A new virus has health experts puzzled over precisely how it got started and how easily it’s spread. As of Sunday afternoon, Jan. 26, it has reportedly infected more than 2,700 people and killed 80 in China since being discovered last month in the Chinese city of Wuhan. And it recently showed up in Snohomish County, the first of three cases in the United States.

So, the public’s concern about it is understandable. But it’s not what’s keeping public-health experts up at night.

They worry more about antibiotic-resistant bugs, say, or nonseasonal flu pandemics like the one that swept the globe in 1918. “That could happen anytime,” said Dr. Janet Baseman, an epidemiologist and the associate dean of the University of Washington’s School of Public Health.

Even the usual influenza that circulates each year has killed between 12,000 and 61,000 people in the United States annually since 2010, according to the Centers for Disease Control and Prevention (CDC).

But because it’s new and somewhat mysterious — and now that it’s crossed the Pacific Ocean — this coronavirus has prompted growing concerns.

When The Seattle Times asked readers this week what questions they had about it, one person in Marysville wondered whether it’s even safe to go out and celebrate the Lunar New Year this weekend around Washington state.


The short answer is yes. Party on.

“Don’t panic unless you’re paid to panic,” Brandon Brown, an epidemiologist at UC Riverside who has studied many deadly outbreaks, told the Los Angeles Times. “Public-health workers should be on the lookout. The government should be ready to provide resources. Transmitting timely facts to the public is key. But for everyone else: Breathe.”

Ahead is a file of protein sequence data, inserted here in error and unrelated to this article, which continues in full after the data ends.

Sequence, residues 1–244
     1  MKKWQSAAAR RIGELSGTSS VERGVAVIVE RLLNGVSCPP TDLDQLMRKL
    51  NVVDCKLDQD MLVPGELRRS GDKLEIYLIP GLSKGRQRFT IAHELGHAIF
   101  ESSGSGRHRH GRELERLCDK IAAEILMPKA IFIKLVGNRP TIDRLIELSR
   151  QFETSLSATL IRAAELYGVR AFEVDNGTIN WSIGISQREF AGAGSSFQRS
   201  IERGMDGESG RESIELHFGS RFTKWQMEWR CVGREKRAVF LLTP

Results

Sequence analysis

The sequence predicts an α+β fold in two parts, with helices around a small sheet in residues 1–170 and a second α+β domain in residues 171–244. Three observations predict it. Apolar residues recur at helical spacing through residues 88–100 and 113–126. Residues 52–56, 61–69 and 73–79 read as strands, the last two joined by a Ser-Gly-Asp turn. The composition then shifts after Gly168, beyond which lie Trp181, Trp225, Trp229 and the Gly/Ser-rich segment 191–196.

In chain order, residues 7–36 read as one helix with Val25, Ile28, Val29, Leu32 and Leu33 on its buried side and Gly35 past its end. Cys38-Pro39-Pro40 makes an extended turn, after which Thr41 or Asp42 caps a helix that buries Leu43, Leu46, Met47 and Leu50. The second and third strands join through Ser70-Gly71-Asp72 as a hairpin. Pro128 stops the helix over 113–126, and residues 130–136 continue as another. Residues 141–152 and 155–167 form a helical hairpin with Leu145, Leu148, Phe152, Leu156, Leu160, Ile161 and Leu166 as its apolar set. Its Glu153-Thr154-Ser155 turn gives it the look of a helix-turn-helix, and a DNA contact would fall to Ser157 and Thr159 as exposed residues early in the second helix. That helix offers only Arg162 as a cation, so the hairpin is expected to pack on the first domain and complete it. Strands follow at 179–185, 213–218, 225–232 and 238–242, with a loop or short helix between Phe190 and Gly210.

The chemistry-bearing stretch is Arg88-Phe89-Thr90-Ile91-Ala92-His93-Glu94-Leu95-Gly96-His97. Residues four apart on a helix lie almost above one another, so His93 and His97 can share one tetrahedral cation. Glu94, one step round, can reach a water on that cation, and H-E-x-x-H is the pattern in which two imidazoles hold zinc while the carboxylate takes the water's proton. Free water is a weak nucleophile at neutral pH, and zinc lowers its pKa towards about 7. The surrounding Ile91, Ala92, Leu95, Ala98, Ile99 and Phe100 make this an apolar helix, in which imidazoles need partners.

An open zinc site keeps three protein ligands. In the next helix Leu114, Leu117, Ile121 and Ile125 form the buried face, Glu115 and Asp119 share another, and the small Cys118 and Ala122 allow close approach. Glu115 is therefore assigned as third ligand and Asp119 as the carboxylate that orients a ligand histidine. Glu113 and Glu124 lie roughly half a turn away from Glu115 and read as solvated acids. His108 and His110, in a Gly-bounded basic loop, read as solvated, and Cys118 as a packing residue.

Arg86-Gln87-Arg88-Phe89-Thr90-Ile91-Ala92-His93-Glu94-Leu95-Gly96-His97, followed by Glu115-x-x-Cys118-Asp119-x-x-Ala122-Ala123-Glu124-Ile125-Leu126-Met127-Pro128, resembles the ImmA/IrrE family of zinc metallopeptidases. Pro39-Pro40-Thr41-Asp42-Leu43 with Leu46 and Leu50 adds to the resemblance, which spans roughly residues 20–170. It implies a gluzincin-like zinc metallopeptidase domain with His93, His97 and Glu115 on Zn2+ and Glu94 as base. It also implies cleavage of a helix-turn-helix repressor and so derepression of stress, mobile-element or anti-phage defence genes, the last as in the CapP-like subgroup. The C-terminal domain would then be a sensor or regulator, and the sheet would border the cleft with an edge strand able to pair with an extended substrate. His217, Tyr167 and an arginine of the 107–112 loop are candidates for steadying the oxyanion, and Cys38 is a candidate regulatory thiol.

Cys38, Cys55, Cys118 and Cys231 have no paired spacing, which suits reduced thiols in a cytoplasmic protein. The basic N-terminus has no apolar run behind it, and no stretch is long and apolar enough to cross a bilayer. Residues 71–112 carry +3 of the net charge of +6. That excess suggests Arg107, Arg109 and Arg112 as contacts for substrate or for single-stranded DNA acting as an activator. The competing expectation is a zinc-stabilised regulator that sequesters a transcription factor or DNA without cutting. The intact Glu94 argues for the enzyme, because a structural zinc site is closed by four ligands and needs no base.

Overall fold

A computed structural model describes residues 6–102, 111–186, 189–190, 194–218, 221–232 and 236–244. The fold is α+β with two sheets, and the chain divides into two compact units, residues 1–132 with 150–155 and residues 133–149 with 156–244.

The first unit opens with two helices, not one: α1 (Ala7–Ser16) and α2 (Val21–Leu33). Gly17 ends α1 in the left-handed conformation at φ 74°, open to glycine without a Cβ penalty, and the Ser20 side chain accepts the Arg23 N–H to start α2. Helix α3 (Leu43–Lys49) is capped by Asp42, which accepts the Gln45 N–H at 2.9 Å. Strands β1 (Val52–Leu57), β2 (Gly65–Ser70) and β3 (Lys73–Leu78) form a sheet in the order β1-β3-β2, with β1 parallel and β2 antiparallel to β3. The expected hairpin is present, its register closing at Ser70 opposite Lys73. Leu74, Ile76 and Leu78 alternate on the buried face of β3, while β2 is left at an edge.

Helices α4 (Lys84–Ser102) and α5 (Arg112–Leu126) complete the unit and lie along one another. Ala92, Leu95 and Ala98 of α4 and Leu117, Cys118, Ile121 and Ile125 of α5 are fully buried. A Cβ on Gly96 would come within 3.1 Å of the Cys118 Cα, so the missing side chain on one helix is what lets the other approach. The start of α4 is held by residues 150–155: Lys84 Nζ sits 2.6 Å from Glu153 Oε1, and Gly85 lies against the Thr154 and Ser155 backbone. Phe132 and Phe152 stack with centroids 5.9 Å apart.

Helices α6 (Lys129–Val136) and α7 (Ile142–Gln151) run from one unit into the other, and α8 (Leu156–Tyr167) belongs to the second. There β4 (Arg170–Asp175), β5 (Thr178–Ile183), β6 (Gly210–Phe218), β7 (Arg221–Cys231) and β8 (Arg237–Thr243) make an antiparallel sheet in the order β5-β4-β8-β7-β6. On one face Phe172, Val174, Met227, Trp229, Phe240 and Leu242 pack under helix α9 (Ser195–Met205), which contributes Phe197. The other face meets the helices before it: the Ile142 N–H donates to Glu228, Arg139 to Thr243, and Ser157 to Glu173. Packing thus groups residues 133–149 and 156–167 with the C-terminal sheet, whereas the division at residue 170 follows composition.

(In Sammamish, the Lunar New Year Festival scheduled for Saturday was canceled after parents and performers pulled out).

Ask here or at the bottom of this story and we’ll dig for answers.


The Snohomish County man who has the United States’ first known case of the virus returned to Seattle-Tacoma International Airport on Jan. 15 after traveling solo in Wuhan since November. A few days later, he started showing symptoms of pneumonia and contacted his doctor. He’s been monitored in an isolation unit at Providence Regional Medical Center in Everett since then, and the hospital says he’s in satisfactory condition.

The state Department of Health isn’t disclosing where the man went between landing at Sea-Tac and being hospitalized. Instead, state and local public-health officials have individually contacted 50 people believed to have been in close contact with the man during that time, reaching out daily to ask if they are experiencing any symptoms such as a fever or respiratory issues.

Coronaviruses usually aren’t contagious until a person starts showing symptoms, Dr. Satish Pillai, a medical officer with the CDC, said at a news conference this week.